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This article is part of the supplement: 2006 International Workshop on Multiscale Biological Imaging, Data Mining and Informatics

Open Access Research

Utility of multispectral imaging for nuclear classification of routine clinical histopathology imagery

Laura E Boucheron12*, Zhiqiang Bi1, Neal R Harvey2, BS Manjunath1 and David L Rimm3

Author Affiliations

1 Electrical and Computer Engineering Department, University of California, Santa Barbara, CA, 93106, USA

2 Space and Remote Sensing Sciences, Los Alamos National Laboratory, P.O. Box 1663, Los Alamos, NM, 87545, USA

3 Department of Pathology, Yale University School of Medicine, P.O. Box 208023, New Haven, CT, 06520, USA

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BMC Cell Biology 2007, 8(Suppl 1):S8  doi:10.1186/1471-2121-8-S1-S8

Published: 10 July 2007

Abstract

Background

We present an analysis of the utility of multispectral versus standard RGB imagery for routine H&E stained histopathology images, in particular for pixel-level classification of nuclei. Our multispectral imagery has 29 spectral bands, spaced 10 nm within the visual range of 420–700 nm. It has been hypothesized that the additional spectral bands contain further information useful for classification as compared to the 3 standard bands of RGB imagery. We present analyses of our data designed to test this hypothesis.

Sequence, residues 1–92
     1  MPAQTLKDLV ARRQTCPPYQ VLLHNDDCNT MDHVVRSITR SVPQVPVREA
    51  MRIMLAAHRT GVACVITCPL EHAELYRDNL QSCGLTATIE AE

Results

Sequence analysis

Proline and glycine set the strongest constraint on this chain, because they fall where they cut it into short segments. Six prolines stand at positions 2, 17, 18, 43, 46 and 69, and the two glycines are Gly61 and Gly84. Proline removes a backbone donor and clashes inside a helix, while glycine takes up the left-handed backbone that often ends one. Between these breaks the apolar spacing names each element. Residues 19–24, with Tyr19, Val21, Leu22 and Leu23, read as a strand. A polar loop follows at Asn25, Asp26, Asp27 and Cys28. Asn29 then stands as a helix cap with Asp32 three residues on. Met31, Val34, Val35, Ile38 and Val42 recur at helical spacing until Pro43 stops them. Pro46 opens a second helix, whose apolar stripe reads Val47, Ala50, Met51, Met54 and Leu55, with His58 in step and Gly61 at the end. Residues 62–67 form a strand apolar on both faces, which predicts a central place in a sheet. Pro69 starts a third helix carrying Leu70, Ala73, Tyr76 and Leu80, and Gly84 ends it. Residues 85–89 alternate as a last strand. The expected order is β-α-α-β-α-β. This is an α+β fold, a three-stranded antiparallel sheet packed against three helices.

Results

For classification using all available image bands, we find the best performance (equal tradeoff between detection rate and false alarm rate) is obtained from either the multispectral or our "ccd" RGB imagery, with an overall increase in performance of 0.79% compared to the next best performing image type. For classification using single image bands, the single best multispectral band (in the red portion of the spectrum) gave a performance increase of 0.57%, compared to performance of the single best RGB band (red). Additionally, red bands had the highest coefficients/preference in our classifiers. Principal components analysis of the multispectral imagery indicates only two significant image bands, which is not surprising given the presence of two stains.

Conclusion

Our results indicate that multispectral imagery for routine H&E stained histopathology provides minimal additional spectral information for a pixel-level nuclear classification task than would standard RGB imagery.